Our iconic brick red beauty celebrates its 150th anniversary this year and is in great shape for its age. With project funding in the wings, the lighthouse will get a new paint job on the inside to make sure that the tower holds up another 150 years for our posterity.
The museum’s new exhibit "Five Thousand Years on the Loxahatchee" gives visitors a glimpse of what it took to erect a Lighthouse in the wilderness along the eastern most point of Florida’s shore. Weather, insects, disease and wars all had their impact on the construction and operation of the Jupiter Light but none could permanently extinguish the beacon or the brave pioneering spirit of the Lighthouse Keepers and their families. With a supply delivery every few months or less residents of the Jupiter Inlet had to become self-sufficient and learn to thrive by ingenuity. Using the materials supplied to them as well as items from ship wrecks and repurposing the natural resources on hand, they brilliantly forged the beginnings of the community we enjoy today.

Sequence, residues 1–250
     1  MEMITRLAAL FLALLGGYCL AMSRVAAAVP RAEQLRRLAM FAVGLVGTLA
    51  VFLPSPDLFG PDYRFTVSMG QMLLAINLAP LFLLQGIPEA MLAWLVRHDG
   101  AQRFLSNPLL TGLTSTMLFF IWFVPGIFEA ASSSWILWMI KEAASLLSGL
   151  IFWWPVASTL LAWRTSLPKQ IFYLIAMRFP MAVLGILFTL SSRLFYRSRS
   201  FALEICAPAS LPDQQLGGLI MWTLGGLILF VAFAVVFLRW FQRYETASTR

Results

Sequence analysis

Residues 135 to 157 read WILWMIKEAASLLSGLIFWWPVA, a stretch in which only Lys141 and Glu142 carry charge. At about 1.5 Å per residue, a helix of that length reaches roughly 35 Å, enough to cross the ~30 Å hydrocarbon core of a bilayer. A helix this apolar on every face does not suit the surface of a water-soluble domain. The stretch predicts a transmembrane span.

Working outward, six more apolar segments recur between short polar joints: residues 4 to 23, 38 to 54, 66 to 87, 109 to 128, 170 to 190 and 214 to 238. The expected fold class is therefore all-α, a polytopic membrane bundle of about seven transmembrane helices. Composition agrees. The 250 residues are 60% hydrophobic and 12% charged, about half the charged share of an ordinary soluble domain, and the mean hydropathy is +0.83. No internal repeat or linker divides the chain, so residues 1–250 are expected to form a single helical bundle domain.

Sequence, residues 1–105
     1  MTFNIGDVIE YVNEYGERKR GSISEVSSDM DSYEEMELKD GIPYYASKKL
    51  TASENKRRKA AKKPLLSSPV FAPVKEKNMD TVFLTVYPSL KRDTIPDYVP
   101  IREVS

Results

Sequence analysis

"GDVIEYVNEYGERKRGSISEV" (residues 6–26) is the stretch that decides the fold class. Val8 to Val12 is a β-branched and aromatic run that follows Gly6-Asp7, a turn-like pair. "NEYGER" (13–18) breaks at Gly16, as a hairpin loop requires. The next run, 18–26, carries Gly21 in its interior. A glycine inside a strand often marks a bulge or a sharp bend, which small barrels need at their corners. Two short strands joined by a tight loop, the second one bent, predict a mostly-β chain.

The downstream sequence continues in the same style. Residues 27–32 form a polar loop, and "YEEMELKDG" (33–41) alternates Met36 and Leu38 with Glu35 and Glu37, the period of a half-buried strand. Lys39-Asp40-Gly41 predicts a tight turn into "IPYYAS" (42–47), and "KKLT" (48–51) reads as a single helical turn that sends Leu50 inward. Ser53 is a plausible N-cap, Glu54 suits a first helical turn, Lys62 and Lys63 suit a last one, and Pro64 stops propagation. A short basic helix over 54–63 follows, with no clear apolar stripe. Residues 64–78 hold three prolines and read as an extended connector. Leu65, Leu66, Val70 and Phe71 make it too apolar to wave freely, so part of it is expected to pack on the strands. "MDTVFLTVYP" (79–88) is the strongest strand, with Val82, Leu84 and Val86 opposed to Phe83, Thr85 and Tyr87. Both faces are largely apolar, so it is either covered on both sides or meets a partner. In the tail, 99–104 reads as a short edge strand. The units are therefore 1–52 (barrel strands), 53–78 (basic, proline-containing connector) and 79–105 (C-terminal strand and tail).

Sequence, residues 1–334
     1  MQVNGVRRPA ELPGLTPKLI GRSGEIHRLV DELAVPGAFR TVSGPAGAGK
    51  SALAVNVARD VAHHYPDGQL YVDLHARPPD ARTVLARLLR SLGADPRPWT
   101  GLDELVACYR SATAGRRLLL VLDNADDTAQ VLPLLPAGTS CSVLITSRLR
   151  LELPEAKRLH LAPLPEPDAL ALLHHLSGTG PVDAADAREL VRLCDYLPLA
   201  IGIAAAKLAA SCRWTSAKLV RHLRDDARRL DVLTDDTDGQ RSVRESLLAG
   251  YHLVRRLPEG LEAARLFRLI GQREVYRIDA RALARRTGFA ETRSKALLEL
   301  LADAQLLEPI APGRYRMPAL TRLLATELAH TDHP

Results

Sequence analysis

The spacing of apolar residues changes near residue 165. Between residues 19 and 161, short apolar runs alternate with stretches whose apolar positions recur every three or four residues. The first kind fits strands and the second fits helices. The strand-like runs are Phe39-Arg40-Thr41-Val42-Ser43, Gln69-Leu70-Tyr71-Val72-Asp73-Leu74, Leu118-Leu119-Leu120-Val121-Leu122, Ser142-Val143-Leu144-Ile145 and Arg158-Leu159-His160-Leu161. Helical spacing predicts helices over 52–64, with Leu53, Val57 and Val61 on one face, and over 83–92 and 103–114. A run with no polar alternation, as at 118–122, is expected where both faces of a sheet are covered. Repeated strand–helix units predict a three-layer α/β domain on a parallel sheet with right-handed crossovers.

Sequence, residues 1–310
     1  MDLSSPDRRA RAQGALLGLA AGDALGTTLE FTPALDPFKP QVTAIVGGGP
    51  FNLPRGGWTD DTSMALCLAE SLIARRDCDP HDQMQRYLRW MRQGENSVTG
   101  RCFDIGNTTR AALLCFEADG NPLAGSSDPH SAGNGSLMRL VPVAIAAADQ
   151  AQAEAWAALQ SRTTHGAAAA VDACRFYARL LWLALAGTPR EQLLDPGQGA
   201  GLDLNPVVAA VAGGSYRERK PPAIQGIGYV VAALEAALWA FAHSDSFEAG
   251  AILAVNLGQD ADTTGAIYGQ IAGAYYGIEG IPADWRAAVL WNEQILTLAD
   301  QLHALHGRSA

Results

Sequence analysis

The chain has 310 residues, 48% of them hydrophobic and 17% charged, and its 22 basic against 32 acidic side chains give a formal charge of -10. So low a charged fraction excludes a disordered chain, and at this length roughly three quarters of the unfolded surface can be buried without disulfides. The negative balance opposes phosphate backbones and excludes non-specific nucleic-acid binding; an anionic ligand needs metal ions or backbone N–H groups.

The Loxahatchee River Historical Society considers it an honor to be caretakers and educators of the 150 year-old Jupiter Light and our remarkable maritime history. The recently opened Tindall Pioneer Homestead exhibit put the icing on the historic cake. Special anniversary events, such as the May 29 dinner-dance, Memorial Day Salute to the Armed Services, can be found at www.jupiterlighthouse.org. Discover the many ways you can join in the sesquicentennial celebration of the Jupiter Inlet Lighthouse!
I worked as a docent giving Lighthouse tours for awhile and had the greatest spot of all. Most of the tour guides did not want to climb the stairs so I stayed at the top for hours at a time. The view is spectacular! If you haven't made the trip to the top yet, GO, and try to go at high tide when the water will be clear.
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